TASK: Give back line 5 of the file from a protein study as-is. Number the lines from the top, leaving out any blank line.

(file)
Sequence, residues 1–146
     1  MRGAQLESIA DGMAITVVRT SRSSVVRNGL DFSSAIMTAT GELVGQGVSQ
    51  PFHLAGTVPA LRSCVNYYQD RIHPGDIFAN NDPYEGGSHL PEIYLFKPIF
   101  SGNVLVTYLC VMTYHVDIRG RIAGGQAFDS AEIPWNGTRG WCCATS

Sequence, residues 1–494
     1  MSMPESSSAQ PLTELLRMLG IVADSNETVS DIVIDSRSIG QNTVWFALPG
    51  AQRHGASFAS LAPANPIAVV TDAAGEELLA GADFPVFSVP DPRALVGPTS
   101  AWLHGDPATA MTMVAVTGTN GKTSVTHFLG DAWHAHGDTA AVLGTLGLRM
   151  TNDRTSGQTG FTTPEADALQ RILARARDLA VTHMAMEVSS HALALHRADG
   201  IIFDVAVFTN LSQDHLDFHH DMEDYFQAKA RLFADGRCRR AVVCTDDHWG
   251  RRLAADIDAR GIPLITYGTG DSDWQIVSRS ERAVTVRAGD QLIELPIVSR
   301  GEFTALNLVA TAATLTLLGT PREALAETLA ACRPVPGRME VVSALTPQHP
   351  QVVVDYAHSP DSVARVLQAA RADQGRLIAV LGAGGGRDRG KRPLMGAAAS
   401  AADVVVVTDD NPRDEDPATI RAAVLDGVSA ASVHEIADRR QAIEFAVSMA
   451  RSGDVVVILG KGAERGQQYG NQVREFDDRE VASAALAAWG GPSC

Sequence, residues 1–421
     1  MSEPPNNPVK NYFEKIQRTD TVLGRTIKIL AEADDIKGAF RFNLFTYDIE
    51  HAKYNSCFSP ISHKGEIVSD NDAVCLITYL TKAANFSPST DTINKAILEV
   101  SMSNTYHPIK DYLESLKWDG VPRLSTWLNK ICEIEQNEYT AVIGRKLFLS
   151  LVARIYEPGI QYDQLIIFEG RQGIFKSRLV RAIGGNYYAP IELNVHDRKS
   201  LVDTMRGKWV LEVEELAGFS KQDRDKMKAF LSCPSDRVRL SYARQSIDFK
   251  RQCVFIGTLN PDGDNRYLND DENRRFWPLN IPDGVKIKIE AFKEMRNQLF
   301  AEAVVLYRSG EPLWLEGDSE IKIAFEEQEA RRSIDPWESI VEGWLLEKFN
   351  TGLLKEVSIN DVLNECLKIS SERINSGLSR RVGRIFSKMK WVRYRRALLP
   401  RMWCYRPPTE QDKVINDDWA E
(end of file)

Sequence, residues 1–494